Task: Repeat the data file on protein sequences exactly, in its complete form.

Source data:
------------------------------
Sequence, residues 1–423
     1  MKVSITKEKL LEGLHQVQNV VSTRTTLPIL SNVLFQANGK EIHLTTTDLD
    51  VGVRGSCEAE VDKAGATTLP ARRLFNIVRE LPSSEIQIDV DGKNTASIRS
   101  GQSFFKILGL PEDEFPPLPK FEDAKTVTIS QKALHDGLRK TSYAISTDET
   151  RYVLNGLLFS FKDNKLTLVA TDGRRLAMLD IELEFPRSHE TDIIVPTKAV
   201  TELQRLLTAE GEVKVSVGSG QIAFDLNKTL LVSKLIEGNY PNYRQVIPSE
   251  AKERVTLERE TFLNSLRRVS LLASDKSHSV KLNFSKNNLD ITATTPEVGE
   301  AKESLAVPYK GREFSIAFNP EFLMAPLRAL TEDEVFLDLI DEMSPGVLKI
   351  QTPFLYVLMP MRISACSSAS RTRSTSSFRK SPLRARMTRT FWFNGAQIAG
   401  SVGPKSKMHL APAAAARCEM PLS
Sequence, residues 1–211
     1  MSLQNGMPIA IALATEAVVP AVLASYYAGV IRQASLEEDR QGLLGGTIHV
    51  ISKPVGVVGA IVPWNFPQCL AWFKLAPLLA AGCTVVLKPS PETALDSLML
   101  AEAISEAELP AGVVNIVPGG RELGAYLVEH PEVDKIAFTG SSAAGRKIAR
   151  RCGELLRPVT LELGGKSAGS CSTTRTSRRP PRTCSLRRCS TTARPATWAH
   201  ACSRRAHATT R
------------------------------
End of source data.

Sequence, residues 1–423
     1  MKVSITKEKL LEGLHQVQNV VSTRTTLPIL SNVLFQANGK EIHLTTTDLD
    51  VGVRGSCEAE VDKAGATTLP ARRLFNIVRE LPSSEIQIDV DGKNTASIRS
   101  GQSFFKILGL PEDEFPPLPK FEDAKTVTIS QKALHDGLRK TSYAISTDET
   151  RYVLNGLLFS FKDNKLTLVA TDGRRLAMLD IELEFPRSHE TDIIVPTKAV
   201  TELQRLLTAE GEVKVSVGSG QIAFDLNKTL LVSKLIEGNY PNYRQVIPSE
   251  AKERVTLERE TFLNSLRRVS LLASDKSHSV KLNFSKNNLD ITATTPEVGE
   301  AKESLAVPYK GREFSIAFNP EFLMAPLRAL TEDEVFLDLI DEMSPGVLKI
   351  QTPFLYVLMP MRISACSSAS RTRSTSSFRK SPLRARMTRT FWFNGAQIAG
   401  SVGPKSKMHL APAAAARCEM PLS
Sequence, residues 1–211
     1  MSLQNGMPIA IALATEAVVP AVLASYYAGV IRQASLEEDR QGLLGGTIHV
    51  ISKPVGVVGA IVPWNFPQCL AWFKLAPLLA AGCTVVLKPS PETALDSLML
   101  AEAISEAELP AGVVNIVPGG RELGAYLVEH PEVDKIAFTG SSAAGRKIAR
   151  RCGELLRPVT LELGGKSAGS CSTTRTSRRP PRTCSLRRCS TTARPATWAH
   201  ACSRRAHATT R